And that's just the way I like it.

Comment Re:Ship Source? (Score 2) 198

The source you provide or link to must be the same source used to produce the binaries you're shipping on your device. In other words, if I take Google's source and build binaries with it, and those binaries differ from the ones shipping on your device, it's not the same source code, and does not comply with the license.

Pointing to a source for Android, is not the same thing as providing the source for the modifications to that source that you (as a vendor) have done to the source.

Comment Re:Lastpass (Score 1) 343

The only problem is that I cannot login to the websites on public computers, but I think that's an added security bonus. I have my Blackberry with me to check my email, which is what I really need to check on the road.

Sure you can... just install DropBox on your BlackBerry and/or use a password-accessible Dropbox URL that leads to your KeePassX.kdb file, and keep a copy of the portable KeePassX.exe file in there for those public terminals.

KeePassX also has a client for the BlackBerry, which I use all the time.

Comment Re:This should be modded up (Score 1) 609

...Not to mention a firmware update that bricked 1.6TB of my data, in a completely unrecoverable way. I was running a Drobo v2 with v.1.31 and had rebooted it hundreds of times in the last 2 years. There was a new firmware update that claimed to fix some performance issues. I upgraded the firmware (using the approved Windows method).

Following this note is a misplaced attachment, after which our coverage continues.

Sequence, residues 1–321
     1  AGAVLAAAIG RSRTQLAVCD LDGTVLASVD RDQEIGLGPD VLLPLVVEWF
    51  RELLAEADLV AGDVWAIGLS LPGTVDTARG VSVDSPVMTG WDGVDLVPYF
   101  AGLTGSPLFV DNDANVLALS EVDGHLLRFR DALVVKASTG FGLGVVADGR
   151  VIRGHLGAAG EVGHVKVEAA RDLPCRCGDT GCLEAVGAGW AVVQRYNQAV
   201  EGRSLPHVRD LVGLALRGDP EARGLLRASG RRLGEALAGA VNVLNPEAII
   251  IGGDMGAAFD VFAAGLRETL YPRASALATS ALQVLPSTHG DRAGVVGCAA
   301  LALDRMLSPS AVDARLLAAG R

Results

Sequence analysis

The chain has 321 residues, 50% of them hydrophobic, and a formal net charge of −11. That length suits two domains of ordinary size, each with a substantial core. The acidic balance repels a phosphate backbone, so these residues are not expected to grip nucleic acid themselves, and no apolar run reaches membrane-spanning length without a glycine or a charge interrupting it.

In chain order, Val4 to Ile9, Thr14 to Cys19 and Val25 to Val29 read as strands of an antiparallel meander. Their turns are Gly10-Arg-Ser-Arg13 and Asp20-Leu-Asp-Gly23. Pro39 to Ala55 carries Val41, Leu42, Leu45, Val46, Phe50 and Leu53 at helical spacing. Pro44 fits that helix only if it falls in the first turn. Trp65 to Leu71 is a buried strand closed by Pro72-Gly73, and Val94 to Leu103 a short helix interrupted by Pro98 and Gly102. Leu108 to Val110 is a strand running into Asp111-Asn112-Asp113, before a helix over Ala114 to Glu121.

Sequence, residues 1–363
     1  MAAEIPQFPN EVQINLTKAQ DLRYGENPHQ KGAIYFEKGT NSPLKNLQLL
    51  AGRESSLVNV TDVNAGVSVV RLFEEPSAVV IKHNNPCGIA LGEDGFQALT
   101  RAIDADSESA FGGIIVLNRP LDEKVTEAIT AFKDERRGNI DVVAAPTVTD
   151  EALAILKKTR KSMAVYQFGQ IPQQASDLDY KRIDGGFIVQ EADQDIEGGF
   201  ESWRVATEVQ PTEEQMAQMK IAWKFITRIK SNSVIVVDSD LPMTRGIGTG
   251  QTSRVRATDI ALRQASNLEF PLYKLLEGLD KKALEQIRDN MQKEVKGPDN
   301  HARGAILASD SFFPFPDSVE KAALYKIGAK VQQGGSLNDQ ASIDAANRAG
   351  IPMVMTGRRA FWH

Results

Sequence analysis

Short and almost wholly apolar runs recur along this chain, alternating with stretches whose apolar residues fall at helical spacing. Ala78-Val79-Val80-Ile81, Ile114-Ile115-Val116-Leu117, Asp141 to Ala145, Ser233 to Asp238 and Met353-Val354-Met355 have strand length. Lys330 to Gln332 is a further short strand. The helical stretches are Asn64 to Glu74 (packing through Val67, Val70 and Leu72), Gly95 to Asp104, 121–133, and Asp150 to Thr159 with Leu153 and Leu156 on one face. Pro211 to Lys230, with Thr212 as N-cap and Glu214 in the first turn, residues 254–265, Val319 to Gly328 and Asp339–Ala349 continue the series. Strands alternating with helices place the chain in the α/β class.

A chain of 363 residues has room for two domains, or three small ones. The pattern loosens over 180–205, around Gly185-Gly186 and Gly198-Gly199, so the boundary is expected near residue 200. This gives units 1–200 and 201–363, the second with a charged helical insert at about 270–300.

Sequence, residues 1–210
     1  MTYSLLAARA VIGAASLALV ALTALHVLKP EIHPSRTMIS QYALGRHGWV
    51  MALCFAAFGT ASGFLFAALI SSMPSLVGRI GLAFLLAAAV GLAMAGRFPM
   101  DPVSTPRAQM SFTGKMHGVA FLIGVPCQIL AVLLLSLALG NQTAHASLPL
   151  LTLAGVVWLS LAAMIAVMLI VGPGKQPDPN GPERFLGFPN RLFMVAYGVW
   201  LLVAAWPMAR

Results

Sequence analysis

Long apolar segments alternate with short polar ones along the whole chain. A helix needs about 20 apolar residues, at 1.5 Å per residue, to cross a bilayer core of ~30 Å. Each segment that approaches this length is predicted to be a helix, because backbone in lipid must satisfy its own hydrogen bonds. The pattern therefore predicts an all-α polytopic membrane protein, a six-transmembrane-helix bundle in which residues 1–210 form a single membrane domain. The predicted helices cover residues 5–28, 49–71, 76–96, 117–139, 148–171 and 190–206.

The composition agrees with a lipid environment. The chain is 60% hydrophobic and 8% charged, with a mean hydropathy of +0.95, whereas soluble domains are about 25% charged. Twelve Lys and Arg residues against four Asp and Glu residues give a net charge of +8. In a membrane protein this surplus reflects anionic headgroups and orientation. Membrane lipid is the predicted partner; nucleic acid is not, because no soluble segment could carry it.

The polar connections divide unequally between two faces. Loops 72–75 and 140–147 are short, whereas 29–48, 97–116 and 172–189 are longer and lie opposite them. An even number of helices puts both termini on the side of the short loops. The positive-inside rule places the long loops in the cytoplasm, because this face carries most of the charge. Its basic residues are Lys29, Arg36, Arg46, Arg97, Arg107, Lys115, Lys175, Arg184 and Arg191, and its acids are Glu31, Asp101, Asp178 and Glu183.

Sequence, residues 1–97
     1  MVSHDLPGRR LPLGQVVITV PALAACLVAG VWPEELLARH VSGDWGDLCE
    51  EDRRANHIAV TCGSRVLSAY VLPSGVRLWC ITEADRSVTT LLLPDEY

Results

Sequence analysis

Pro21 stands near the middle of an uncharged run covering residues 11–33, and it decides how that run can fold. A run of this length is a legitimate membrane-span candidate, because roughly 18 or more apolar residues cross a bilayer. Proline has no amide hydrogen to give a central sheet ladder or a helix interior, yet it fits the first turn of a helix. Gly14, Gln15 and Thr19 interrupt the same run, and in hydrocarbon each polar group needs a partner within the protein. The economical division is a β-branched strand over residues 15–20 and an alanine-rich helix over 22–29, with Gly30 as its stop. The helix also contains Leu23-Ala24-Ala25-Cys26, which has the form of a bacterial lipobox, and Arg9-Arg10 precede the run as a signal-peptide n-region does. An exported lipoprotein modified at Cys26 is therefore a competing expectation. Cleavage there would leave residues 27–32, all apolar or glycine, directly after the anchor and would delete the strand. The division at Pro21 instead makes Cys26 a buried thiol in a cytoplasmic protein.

The device never booted again. It's been bricked for months now, and my data, while still striped across the platters, is held hostage by the Drobo device. Downgrading the firmware isn't possible, because the moment the firmware is updated (before the initial reboot of the device), the disk pack itself is upgrade to that same firmware revision.

There is no going back... and DRI openly states that I'm screwed, and there's nothing they can do. They can't even give me the "Last Resort Firmware" that they hand out in cases just like this. I've opened plenty of cases with them about it, and their response is "Sorry, you should have had your data on another Drobo as a backup."

I will never use a proprietary, black-box data storage solution again, ever.

10 years of digital photos, dozens of system backups, thousands of scanned documents long since gone, my entire music collection, etc. all stored on a device that claimed to be completely safe to store it.

Avoid Drobo at all costs, if you care about your data.